[Frances McDonald


How important is the word “Inclusive”?

We are all familiar with Paul’s statement in Galatians 3:28: “There is neither Jew nor Greek, slave nor free, male nor female, for you are all one in Christ Jesus.”

I wonder if we realize the depth of Paul’s meaning. If Paul is saying that we must clean out all barriers that we place between ourselves, because we are all one in Christ, what does that really mean?

If we extend Paul’s description of peoples, does it not mean: “There is neither Catholic nor Protestant, Orthodox nor Reform, Shia nor Sunni, Gay nor Straight?"  Add any other distinction you can think of.

Can you imagine the consequences of living this idea? How fantastic would that be!

A great peace would descend upon the world.

There would be no more poverty.

China and Russia would be friendly to all countries.

The wars in the Middle East would be history.

Here at home, everyone’s way of worshiping God would be respected.

Go ahead, It’s not hard to add to this list.

You might say this is pure blue skying, there is no chance this can happen.


Does that mean we just give up hope? Give up even trying?

Think a moment, this very idea is what Jesus believed in so strongly, that he was willing to die for it.

If we honestly say that we follow Jesus, then ? ? ? ?  You fill in the blanks.

[Emil Kutarna, Regina, SK]

Announcing a new service:


In response to popular demand, The Review will list individual events on the following topics:

Church Renewal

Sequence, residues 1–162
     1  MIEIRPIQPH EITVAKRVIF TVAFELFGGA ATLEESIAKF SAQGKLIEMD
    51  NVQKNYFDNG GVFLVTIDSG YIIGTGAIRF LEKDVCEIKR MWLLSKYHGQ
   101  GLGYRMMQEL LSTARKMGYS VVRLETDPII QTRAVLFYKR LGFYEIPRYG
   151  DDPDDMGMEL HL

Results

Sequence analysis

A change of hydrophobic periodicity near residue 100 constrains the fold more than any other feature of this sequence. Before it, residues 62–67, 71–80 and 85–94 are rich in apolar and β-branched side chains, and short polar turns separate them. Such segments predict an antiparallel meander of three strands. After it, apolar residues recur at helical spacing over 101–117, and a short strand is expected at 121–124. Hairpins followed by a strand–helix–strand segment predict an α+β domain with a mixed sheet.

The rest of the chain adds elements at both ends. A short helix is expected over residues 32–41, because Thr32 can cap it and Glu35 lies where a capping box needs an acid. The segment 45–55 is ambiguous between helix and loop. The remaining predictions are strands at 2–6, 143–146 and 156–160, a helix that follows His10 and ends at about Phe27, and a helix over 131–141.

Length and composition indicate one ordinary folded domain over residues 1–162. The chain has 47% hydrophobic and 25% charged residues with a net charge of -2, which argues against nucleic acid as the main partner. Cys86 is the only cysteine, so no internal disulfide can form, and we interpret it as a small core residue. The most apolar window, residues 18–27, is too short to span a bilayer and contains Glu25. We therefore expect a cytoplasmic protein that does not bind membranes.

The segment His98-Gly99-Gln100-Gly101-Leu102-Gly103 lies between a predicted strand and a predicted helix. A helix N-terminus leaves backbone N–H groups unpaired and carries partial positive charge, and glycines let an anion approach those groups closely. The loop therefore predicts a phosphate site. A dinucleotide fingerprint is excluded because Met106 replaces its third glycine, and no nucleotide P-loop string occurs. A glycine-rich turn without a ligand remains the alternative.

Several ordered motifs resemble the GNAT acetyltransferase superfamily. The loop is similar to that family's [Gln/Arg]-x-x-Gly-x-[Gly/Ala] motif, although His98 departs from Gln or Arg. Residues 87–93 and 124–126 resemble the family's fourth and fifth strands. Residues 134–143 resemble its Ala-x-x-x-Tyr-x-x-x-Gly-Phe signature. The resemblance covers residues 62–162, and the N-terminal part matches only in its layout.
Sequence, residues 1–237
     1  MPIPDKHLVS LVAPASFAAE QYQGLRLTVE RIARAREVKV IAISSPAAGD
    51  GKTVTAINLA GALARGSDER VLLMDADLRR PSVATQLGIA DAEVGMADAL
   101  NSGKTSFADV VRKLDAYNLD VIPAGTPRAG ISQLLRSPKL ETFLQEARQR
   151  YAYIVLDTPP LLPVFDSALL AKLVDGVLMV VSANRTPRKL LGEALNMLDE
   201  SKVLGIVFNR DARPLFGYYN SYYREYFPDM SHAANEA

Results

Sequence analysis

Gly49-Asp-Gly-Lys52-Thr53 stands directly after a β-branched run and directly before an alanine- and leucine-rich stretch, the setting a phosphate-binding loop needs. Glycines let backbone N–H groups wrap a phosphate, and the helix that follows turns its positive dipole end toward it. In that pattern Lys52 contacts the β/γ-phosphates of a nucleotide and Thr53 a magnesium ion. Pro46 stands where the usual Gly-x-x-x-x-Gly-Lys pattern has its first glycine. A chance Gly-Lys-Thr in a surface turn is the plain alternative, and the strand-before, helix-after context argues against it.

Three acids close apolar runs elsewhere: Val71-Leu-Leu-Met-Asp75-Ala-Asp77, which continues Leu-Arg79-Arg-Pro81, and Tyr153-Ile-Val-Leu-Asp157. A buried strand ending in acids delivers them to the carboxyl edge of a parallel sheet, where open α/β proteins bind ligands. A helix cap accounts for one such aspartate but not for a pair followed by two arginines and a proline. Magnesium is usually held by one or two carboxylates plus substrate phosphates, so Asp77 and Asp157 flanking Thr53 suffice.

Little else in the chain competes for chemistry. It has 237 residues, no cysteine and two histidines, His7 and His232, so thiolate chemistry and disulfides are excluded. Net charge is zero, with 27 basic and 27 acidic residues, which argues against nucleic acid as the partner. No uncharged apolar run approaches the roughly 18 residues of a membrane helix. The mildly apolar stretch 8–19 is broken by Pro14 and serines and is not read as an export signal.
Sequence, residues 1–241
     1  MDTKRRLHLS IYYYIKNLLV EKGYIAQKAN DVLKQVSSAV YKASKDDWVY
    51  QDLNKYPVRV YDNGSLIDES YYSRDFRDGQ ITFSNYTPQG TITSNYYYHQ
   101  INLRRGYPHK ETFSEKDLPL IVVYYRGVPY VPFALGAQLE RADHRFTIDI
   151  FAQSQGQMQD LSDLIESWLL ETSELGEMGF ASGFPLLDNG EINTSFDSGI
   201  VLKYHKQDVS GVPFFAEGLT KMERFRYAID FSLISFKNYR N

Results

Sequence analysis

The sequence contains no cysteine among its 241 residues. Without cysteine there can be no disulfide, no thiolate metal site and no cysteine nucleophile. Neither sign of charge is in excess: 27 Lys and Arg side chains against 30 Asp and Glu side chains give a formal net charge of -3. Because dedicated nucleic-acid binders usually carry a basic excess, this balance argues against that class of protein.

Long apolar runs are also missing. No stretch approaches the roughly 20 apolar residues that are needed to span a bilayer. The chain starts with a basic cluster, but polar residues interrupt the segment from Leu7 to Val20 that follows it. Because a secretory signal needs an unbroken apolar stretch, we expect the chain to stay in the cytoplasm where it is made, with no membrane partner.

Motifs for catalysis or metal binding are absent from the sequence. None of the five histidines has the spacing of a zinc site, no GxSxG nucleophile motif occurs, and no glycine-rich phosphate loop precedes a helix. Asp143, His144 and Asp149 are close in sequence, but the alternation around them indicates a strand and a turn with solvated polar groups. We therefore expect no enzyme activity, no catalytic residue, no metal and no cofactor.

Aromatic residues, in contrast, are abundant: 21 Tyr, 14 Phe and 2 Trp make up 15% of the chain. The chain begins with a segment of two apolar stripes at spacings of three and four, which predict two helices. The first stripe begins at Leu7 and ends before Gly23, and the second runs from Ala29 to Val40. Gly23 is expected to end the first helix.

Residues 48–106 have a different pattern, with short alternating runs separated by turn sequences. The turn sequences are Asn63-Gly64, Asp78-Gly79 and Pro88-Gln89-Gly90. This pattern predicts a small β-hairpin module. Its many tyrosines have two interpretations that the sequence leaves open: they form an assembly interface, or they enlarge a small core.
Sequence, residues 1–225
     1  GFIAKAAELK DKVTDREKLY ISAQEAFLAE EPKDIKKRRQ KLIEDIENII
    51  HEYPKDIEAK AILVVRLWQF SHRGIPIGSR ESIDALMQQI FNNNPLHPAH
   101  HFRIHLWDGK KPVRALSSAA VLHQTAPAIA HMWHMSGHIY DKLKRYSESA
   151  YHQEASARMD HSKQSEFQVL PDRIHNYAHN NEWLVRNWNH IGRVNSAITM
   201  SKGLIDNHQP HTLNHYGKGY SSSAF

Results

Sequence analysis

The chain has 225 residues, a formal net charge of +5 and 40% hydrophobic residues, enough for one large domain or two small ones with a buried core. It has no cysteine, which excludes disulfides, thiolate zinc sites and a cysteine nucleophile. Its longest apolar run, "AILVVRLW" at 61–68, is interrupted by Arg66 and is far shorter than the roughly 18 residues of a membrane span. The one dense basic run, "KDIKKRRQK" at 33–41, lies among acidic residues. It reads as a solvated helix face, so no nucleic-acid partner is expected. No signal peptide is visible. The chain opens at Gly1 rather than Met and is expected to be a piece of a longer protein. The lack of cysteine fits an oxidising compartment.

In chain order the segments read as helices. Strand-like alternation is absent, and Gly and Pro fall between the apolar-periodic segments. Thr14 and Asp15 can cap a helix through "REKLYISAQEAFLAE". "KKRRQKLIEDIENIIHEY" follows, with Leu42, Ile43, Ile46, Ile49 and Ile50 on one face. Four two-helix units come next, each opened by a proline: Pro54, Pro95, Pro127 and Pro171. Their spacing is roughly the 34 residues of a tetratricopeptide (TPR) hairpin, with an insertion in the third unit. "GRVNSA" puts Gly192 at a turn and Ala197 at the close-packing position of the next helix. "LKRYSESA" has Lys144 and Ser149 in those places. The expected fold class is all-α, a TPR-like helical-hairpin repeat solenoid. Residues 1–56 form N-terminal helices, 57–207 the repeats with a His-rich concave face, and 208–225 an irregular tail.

Women's Flourishing

[Updates to the above pages are made periodically between issues of The Review.]

Walk of Sorrow

Facebook photo                    
Follow Patricia Ballentyne on Facebook during her Walk of Sorrow, Prince Albert to Ottawa

#94in94 Campaign

A social media campaign was launched on June 29th to raise awareness of the Truth and Reconciliation Commission’s 94 Calls to Action.  Receive one Call to Action per day via email.

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Reconsidering the Legacy of Egerton Ryerson

William Robins, | June 2021

In June, 2019, the Executive Committee of the Board of Regents of Victoria University (University of Toronto) charged me with providing a report on the legacy of Egerton Ryerson. They asked that the report consider historical and current contexts for understanding Ryerson’s involvement with and impact upon Indigenous communities, and that it make recommendations regarding the honorific use of Ryerson’s name on the Victoria University campus.

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Feminist nun Donna Quinn leaves a legacy of justice activism

Mary E. Hunt, | August 27, 2021

Sinsinawa Dominican Sr. Donna Quinn, longtime feminist social justice advocate, died July 30 at the age of 84. She was a pioneer, well ahead of her time and of many of her peers on women's issues in church and society. Donna was tireless, stalwart, a proverbial force of nature, though even nature gives up every once in a while. Donna never did.

Donna served on the committee that set up the first meeting in 1975 in Detroit that founded the Women's Ordination Conference on whose board she later served.

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A paradigm-shifting lectionary for the whole church

Book Cover photo